Anyone who keeps up with pro sports on social media has seen the buzz surrounding the NBA trade deadline this week. Players and teams and well-positioned reporters have been trending online for days, with a flurry of moves finalized in the hours leading up to the official cutoff. It’s an exciting time for fans and those covering the league to see how different teams are approaching the deadline, with some going all-in and others waving white flags in surrender.
And it stands in stark contrast to the, well, boring NFL trade deadline. Pro football’s counterpart falls well short of the NBA, with most teams standing pat and trusting that the rosters they’ve built are good enough to see them through the season. It’s really rare to see anything that’ll raise your eyebrows or turn your head at that point, which is a shame. It’s a big missed opportunity for the NFL to carve out an even greater share of our collective attention.
So why not reschedule the NFL trade deadline? We’ve seen the league address negative space in its yearly calendar before, moving the annual schedule release from mid-April — slotted in between free agency and the draft, during a time full of college pro day workouts — to mid-May, once the draft buzz has worn down and teams let off the gas in free agency to wait until more money frees up in June. That’s good for television networks looking to fill their morning shows and humble digital platforms like ours here at Saints Wire aiming to keep up the pace as spring turns to summer. And it’s been good for the NFL, too, in keeping all eyes on it.
Let’s examine the differences here. The NBA trade deadline falls after teams have played roughly 54 games, or almost two-thirds of the way through their season. Compare that to the NFL’s trade deadline, slotted in after just eight weeks, and there’s a clear difference. A similarly-timed NFL trade deadline would fall between Weeks 11 and 12, and that illustrates quite a different status for much of the league. Let’s explore how.
Right now, 16 of the NBA’s 30 teams (53%) have records at or over .500. 11 franchises (37%) are under .400. A couple (10%) are even under .300. A number of teams are already shuttering for this season and looking to sell off assets so they can prepare for the future. And then you’ve got frisky squads like the New Orleans Saints, just a couple of games out of the playoff picture, pushing in their chips to try and go the distance by acquiring C.J. McCollum. Star talents like James Harden and Ben Simmons are on the move, too. It’s great fun.
So when you compare that to what the NFL has going on around the trade deadline, well, it looks a bit lackluster. The Saints are one of the few teams who have been active buyers at the trade deadline — they’ve acquired Mark Ingram II, Kwon Alexander, and Eli Apple there in recent years, and their interest in picking up Odell Beckham Jr. kickstarted his departure with the Cleveland Browns. But that’s just one team out of 32 embracing the opportunity to get better.
The biggest problem for the NFL is scheduling. Their trade deadline falls before Week 9, with some teams having only played seven games if they had an early bye week. Here’s what that meant for the league as a whole:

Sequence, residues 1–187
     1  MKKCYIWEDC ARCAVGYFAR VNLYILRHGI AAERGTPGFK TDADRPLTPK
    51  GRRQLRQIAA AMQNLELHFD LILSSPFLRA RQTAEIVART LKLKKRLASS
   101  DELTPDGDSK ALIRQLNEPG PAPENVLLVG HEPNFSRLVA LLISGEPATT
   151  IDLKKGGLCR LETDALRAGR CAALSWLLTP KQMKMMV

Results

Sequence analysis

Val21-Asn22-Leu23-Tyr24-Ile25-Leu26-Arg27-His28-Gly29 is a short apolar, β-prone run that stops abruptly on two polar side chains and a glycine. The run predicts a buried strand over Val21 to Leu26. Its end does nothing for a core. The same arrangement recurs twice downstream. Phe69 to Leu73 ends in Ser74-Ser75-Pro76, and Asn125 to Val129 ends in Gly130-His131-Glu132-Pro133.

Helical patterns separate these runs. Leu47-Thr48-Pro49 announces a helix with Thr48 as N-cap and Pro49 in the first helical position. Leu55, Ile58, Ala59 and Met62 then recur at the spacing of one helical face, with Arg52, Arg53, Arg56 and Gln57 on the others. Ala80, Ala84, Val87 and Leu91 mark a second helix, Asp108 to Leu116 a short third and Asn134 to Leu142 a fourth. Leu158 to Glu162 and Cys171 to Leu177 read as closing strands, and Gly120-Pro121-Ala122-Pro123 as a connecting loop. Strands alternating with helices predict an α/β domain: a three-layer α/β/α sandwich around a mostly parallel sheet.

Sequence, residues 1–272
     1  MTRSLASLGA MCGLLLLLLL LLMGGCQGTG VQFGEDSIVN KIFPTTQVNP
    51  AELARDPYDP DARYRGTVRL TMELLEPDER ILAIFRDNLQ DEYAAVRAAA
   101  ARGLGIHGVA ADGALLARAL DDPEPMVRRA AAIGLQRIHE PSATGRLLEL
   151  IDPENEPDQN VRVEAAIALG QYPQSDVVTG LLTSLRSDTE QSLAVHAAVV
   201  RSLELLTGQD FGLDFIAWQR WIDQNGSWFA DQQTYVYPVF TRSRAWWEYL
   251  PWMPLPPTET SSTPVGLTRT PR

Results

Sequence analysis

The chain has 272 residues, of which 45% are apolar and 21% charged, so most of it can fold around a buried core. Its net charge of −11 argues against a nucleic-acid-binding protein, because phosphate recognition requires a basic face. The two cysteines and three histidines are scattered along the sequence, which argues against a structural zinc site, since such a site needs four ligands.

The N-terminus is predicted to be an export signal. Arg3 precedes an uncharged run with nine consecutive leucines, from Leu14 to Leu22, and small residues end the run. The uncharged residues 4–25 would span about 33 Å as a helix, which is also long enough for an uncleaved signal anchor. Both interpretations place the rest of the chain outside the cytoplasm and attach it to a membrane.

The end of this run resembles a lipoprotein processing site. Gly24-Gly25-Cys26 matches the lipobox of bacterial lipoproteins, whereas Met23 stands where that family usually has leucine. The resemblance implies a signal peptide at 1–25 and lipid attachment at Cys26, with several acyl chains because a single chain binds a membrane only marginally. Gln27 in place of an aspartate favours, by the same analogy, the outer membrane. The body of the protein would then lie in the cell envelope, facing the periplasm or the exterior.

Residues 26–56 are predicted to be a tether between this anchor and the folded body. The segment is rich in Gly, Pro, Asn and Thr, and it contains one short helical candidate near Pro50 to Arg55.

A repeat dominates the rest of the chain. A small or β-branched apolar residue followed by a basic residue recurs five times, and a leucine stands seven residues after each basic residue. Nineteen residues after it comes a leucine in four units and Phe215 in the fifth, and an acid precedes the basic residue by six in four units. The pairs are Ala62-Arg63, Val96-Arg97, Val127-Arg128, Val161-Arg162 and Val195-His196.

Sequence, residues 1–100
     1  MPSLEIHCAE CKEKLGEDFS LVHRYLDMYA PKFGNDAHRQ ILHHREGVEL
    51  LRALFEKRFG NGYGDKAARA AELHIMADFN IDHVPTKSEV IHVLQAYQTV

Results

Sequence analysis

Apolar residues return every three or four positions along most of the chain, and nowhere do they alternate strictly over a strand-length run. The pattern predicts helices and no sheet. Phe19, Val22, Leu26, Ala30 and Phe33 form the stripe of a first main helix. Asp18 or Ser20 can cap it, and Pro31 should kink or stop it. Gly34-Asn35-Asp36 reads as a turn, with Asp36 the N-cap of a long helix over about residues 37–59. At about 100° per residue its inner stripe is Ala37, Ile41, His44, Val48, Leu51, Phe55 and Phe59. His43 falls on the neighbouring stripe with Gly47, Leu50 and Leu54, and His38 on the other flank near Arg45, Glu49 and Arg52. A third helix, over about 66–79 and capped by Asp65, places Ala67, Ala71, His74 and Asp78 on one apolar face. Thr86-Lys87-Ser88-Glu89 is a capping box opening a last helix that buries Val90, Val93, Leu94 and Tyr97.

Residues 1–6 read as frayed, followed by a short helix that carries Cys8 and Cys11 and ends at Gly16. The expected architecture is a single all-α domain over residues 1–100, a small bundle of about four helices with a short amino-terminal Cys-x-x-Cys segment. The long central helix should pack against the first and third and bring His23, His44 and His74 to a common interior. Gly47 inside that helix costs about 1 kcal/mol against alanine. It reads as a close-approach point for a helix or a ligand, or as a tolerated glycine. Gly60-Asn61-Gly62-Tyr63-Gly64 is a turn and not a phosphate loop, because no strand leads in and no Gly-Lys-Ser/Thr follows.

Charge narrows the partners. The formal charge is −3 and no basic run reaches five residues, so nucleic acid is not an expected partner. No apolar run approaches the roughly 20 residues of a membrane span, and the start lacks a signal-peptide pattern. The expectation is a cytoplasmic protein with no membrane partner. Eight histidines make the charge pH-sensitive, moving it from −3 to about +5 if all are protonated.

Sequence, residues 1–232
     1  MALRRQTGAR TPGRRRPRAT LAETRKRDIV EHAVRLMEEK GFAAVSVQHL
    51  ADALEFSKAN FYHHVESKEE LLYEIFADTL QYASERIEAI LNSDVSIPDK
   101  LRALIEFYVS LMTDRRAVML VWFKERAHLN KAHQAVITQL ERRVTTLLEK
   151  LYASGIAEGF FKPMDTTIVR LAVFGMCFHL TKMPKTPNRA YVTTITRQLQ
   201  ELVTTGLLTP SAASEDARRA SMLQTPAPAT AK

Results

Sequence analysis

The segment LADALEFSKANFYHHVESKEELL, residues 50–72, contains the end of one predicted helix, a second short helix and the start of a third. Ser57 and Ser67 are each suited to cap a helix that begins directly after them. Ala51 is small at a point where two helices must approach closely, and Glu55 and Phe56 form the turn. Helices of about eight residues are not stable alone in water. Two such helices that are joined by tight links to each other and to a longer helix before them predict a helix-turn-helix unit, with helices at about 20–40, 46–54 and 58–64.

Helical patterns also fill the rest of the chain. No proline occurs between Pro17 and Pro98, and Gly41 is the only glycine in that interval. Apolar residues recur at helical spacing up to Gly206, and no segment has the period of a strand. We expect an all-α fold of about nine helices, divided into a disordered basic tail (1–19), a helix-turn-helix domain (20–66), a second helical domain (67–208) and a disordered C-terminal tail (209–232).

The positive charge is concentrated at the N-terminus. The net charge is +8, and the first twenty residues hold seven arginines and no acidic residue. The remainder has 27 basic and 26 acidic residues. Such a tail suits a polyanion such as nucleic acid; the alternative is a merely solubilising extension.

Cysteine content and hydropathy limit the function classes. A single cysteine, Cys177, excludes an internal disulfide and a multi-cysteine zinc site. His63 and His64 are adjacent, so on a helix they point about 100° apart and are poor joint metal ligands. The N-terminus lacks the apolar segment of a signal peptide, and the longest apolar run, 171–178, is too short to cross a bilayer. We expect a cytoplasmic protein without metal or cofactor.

17 of 32 teams had a record at or over .500 (53%)
15 of 32 teams had a record below .500 (47%)
7 of 32 teams had a record below .300 (22%)
12 of 32 teams were 1 or 2 games back from a winning record (38%)
But a dozen teams were within a game or two — striking distance — of getting back to a winning record. They told themselves they were still in the hunt and held onto their assets. Of those dozen teams only four reached the playoffs — the New England Patriots, Kansas City Chiefs, San Francisco 49ers, and Philadelphia Eagles. Seven of the teams finished the year with losing records, and three of them introduced regime changes in the offseason (the Denver Broncos, Minnesota Vikings, and Chicago Bears).
How different would things have looked had the NFL pushed its trade deadline back, say, three weeks? Let’s look at the standings going into Week 12:
20 of 32 teams had a record at or over .500 (63%)
12 of 32 teams had a record below .500 (38%)
7 of 32 teams had a record below .300 (22%)
9 of 32 teams were 1 or 2 games back from a winning record (28%)
And let’s compare those shifts over just three weeks:
10% increase in teams with records at or over .500
9% decrease in teams with records below .500
No change in teams with records below .300
10% decrease in teams 1 or 2 games back from a winning record
So this shows a greater disparity between the haves and have-nots of the NFL. As it becomes increasingly clear which teams won’t be competitive this season, their front offices can start planning for the future and try to move players when they have the highest value. Pushing the trade deadline back three weeks, from the first Tuesday of November to the Tuesday before Thanksgiving, might spur teams whose seasons are circling the drain into cutting deals at the deadline. The jump in teams who are suddenly back in the playoff picture would be incentivized to pursue trades and add upgrades just in time to get over the hump. There’s such a logjam for the wild-card spots that some enterprising coaches would be pounding the table to bring in game-changing additions.
But this is all hypothetical. The NFL has enjoyed another highly lucrative season, and even the social media-dominating NBA trade news can’t dethrone Super Bowl week coverage for long. If they’re feeling any pressure at the league offices in New York to tweak the calendar, we wouldn’t know it. At the same time, though, wouldn’t it be fun to have more trades and more news going on, right down to the wire?
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